Michigan is abundant with farmland and, in many cases, these lands are cultivated by family farming businesses.  Often, the family will have built their farming business from the ground up and will want to see it continue for generations to come.  While this seems like a natural progression, estate planning for family farms can present challenges.  As a family begins to prepare for the future of their farming business, there are certain key aspects to keep in mind.

An important consideration with planning for any family business is who in the family will be involved in the business in the future.  It may be that all family members agree about keeping the business operational and staying involved in its management.  However, when families run a business together it is common for there to be conflicts between members concerning who will be in charge of certain aspects of the business and how it should be run going forward.  Identifying the key players and duties of the family members will be critical to planning for the farm’s future.  From there it is possible to plan for the business’s management and draft agreements concerning future operations.  Further, knowing which family members will be involved before the farm is passed, will provide the family time to begin the transition.

When leaving a family farm to heirs it is also critical to consider ways in which the farm may be transferred to the next generation with minimal tax consequences.  Fortunately, there are options which will allow for a family business to be passed to family without being considered as part of the decedent’s estate.  For some, a joint tenancy with right of survivorship may be good choice.  This allows families to co-own assets during life and for the surviving co-owners to receive their share of an asset when another co-owner dies.  The asset will not be considered part of the deceased person’s estate.  Another choice may be to set up a family limited liability company or corporation to hold the assets.  This business structure can serve to protect the family farm from a family member’s interest being taken due to outside circumstances such as their unexpected death or marriage dissolution.  Another solution may involve different types of trusts.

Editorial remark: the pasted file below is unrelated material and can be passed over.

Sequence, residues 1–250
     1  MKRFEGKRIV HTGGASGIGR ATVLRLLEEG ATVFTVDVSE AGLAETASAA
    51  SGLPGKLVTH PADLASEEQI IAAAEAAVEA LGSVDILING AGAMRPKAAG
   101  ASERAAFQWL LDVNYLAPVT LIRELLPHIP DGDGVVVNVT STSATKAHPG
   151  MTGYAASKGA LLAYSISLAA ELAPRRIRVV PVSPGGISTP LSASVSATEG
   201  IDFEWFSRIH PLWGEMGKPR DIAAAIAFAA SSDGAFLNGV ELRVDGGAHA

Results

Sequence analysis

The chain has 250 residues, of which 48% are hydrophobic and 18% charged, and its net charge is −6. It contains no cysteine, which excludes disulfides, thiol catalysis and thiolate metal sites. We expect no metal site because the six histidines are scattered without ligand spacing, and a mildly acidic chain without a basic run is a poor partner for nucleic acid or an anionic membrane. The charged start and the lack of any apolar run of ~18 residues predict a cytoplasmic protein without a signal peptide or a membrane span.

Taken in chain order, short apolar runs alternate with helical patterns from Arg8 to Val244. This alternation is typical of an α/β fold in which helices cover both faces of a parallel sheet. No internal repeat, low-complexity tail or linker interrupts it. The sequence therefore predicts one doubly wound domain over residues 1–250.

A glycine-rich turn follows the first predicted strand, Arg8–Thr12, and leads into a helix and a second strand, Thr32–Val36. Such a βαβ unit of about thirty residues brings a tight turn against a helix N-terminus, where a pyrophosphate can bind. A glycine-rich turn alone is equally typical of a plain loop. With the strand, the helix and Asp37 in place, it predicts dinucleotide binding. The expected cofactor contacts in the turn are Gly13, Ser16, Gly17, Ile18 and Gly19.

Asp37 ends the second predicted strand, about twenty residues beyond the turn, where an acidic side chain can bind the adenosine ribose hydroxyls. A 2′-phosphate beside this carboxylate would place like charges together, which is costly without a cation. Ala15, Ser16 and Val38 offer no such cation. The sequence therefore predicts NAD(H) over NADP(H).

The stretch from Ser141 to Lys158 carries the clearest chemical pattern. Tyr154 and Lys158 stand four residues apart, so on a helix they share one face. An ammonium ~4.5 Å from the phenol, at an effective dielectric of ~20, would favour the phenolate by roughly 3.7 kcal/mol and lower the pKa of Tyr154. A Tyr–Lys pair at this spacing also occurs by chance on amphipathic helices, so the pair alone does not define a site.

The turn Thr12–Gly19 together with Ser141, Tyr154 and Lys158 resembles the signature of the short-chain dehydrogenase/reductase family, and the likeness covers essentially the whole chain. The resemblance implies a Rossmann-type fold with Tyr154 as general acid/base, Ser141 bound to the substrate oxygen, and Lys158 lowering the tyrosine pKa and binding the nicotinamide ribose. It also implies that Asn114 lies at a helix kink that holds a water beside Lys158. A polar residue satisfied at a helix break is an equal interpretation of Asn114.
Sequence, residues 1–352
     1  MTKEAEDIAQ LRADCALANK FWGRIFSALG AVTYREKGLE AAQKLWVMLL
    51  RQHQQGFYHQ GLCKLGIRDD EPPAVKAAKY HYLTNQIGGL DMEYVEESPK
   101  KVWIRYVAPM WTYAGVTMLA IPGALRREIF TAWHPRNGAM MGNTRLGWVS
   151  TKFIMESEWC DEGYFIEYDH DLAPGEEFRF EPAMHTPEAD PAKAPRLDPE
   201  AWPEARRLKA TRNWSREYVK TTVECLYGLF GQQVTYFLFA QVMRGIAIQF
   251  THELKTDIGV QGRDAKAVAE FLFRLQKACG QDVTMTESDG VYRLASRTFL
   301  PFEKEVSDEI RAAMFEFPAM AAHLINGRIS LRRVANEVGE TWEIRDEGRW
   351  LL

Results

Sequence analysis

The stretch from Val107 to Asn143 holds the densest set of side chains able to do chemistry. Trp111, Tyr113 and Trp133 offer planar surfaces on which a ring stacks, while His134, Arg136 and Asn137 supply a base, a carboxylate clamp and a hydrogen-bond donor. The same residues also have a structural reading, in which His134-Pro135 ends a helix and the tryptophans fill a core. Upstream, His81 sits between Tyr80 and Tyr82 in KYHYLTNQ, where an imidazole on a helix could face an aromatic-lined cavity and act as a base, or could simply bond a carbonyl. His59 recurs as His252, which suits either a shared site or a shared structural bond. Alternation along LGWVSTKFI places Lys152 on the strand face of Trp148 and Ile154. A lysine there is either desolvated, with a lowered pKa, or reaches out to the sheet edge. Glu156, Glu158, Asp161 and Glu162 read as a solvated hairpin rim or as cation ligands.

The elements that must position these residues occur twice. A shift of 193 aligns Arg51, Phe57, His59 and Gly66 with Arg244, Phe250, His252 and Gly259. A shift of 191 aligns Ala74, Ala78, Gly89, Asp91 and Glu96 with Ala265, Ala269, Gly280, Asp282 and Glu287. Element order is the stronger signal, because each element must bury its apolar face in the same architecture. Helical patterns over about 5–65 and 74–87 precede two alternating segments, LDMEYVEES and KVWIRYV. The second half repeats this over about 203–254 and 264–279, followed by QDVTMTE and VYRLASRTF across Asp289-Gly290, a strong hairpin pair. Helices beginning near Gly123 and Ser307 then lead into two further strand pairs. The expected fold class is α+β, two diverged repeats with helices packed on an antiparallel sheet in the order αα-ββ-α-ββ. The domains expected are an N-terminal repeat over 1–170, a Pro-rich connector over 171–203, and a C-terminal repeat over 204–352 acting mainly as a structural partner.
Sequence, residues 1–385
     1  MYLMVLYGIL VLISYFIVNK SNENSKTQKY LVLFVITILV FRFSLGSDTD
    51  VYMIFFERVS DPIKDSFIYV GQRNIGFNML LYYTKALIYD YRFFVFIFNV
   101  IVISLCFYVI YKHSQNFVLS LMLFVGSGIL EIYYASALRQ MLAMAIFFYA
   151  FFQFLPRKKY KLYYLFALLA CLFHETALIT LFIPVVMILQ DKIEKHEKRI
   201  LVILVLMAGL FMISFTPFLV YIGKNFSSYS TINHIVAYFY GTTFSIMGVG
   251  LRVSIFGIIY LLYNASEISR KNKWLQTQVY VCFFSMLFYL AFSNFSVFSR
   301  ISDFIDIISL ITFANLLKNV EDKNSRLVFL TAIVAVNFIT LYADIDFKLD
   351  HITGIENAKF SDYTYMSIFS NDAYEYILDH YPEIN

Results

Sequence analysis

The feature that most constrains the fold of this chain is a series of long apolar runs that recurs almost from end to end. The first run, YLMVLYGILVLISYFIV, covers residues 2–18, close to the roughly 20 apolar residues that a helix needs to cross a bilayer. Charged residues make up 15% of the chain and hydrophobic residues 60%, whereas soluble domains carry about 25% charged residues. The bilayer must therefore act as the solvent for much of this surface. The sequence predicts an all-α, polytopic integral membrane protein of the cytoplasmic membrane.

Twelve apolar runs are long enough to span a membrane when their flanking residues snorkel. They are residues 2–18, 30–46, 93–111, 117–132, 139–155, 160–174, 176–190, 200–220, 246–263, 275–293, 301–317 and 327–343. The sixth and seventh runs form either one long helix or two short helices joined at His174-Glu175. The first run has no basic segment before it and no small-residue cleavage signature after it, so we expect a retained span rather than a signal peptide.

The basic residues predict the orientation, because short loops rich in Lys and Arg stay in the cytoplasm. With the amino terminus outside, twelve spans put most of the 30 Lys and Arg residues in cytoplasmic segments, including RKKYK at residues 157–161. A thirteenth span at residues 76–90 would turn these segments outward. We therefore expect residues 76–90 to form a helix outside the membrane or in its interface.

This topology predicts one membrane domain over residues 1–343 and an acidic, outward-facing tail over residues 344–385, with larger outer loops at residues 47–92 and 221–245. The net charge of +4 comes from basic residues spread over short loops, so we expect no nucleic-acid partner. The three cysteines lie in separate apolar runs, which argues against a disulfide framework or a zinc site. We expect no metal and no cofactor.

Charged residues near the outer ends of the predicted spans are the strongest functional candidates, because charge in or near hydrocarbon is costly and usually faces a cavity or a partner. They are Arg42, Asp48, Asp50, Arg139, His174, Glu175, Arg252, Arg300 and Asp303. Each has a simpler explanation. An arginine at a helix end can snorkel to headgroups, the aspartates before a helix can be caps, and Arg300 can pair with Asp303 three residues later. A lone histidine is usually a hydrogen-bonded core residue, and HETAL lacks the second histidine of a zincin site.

Planning for an estate which includes a family farm requires a great deal of forethought and preparation.  With careful planning, you will be able to prepare for the future of your family farm in a way that protects the business you have worked to build and creates future security for your family.   As you prepare, it will be important to work together with your family and with the advice of an experienced estate planning attorney.

Our office has experienced attorneys who can help you examine your options and plan for the future of your family. Please contact us online or by phone at (517) 548-7400 in Livingston County and (586) 751-0779 in Macomb County if we may be of assistance.

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